Vail: Udall says jobs, health care atop agenda
VAIL, Colorado ” Mark Udall, who stopped in Vail, Colorado Wednesday, believes the government’s recent stimulus spending was essential. But, he added, that kind of spending isn’t sustainable over the long run.
Udall made a quick stop at Donovan Pavilion in Vail Wednesday to answer questions from Vail Valley Partnership members and local government officials. After a few minutes of prepared remarks, Udall fielded questions about government spending, the economy, health care and energy policy.
Local banker Scott Proper asked Udall about the current level of government spending.
Recent stimulus bills and President Barack Obama’s proposed budget are appropriate for the time, Udall said. When the private sector stops spending, the government needs to step in, he said.
“This budget has significant deficits,” Udall said. But, he added, those deficits get smaller over the next five years. He said he’d like to see deficit spending return to about 3 percent of the nation’s gross domestic product. They’re now running at 10 percent or 11 percent, and Udall said that simply isn’t sustainable.
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To get the budget under control, the government will simply have to look at spending, particularly in entitlement programs such as Medicare and Social Security.
Jon Becker asked if proposed health care reform could take some of the current financial burden off businesses.
Udall said reforming the country’s health care system will make U.S. companies more competitive ” “Toyota has a $1,500 per car advantage over GM right now,” he said.
But, he said, that doesn’t mean the country will end up with a government-run health care system. Some sort of package could be passed this year, but lawmakers are continuing to struggle with what that system will look like and how to pay for it. He said a recent bill passed in Massachusetts ” which requires residents to buy health insurance and subsidizes those who can’t afford the full bill ” could be part of a model for the country. But how to pay for it is going to be perhaps the biggest hurdle, he said.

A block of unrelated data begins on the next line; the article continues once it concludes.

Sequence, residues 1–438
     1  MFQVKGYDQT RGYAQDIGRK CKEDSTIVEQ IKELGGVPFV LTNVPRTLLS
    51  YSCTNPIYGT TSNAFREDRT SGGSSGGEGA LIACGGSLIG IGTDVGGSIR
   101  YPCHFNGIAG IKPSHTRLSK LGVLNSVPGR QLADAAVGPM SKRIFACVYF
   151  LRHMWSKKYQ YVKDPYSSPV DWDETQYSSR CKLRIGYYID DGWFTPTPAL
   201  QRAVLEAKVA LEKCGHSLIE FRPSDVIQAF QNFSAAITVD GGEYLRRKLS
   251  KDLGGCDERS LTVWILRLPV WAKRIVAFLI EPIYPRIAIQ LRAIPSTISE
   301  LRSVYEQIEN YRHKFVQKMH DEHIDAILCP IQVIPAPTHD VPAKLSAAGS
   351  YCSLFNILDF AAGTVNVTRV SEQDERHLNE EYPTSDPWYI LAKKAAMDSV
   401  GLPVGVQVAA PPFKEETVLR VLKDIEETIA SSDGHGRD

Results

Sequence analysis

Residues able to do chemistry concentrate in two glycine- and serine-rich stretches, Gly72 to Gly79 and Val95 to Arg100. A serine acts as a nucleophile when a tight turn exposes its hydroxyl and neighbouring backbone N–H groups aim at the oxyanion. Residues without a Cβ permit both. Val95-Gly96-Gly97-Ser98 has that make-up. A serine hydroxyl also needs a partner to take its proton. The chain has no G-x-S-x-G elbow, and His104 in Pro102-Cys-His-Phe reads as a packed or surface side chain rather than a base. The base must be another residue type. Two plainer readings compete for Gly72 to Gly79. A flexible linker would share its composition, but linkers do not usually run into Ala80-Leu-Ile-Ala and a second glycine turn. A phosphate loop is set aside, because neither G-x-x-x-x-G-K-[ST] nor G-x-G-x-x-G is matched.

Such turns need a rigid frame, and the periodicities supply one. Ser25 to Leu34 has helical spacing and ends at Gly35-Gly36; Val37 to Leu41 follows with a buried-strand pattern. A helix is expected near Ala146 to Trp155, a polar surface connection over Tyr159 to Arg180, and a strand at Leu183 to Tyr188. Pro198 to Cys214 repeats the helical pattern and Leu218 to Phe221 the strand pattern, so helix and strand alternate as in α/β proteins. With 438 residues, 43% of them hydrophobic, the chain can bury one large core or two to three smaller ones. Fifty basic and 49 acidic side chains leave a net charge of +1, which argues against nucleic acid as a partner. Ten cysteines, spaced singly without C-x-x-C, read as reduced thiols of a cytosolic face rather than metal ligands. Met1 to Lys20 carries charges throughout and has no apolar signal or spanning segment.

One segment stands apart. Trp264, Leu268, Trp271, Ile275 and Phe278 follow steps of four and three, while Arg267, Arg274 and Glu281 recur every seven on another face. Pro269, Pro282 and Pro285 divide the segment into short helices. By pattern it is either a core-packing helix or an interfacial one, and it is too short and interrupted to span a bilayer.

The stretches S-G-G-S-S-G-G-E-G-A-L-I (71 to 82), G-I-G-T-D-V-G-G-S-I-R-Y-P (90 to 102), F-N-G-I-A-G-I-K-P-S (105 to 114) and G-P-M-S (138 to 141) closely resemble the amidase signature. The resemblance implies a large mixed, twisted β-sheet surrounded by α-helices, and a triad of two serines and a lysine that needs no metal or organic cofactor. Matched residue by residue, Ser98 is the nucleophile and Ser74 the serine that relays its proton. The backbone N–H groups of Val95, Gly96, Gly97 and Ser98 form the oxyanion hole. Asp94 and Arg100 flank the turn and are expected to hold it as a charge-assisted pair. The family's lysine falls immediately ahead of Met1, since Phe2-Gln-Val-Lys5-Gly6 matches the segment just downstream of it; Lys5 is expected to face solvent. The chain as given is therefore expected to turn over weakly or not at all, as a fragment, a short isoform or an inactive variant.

Cathy Fort Carty, owner of DSC, a company that helps organize group trips to resorts, asked Udall about recent comments by lawmakers that blasted corporations for the retreats they’ve held with government bailout money.
“We need to take a deep breath on that,” Udall said. “We need to lead, and not go looking for pitchforks.”
But, he added, everyone’s angry about what’s perceived as corporate greed and waste using taxpayer money.
“We need to hold people responsible, but without causing collateral damage,” he said.
Vail Valley Partnership President Michael Kurz asked Udall about his stand on the so-called Employee Free Choice Act, a law that would make it easier for organizers to unionize a business and harder for employers to fight those actions.
Labor unions, which have contributed a lot of money to Democrats’ election campaigns, are pushing hard for the bill.
Opponents, though, are blasting the proposal, claiming it eliminates the right of secret ballot voting, and that the law could subject workers to intimidation by union organizers.
“Both sides have legitimate concerns,” Udall said. He said his preference would be to strengthen existing federal labor relations laws. And, he said, the current bill won’t be able to get the 60 votes needed to bring the proposal to the floor of the senate for debate and a vote.
“Business and labor need to find common ground on this one,” he said.
Business Editor Scott N. Miller can be reached at 970-748-2930 or email@example.com.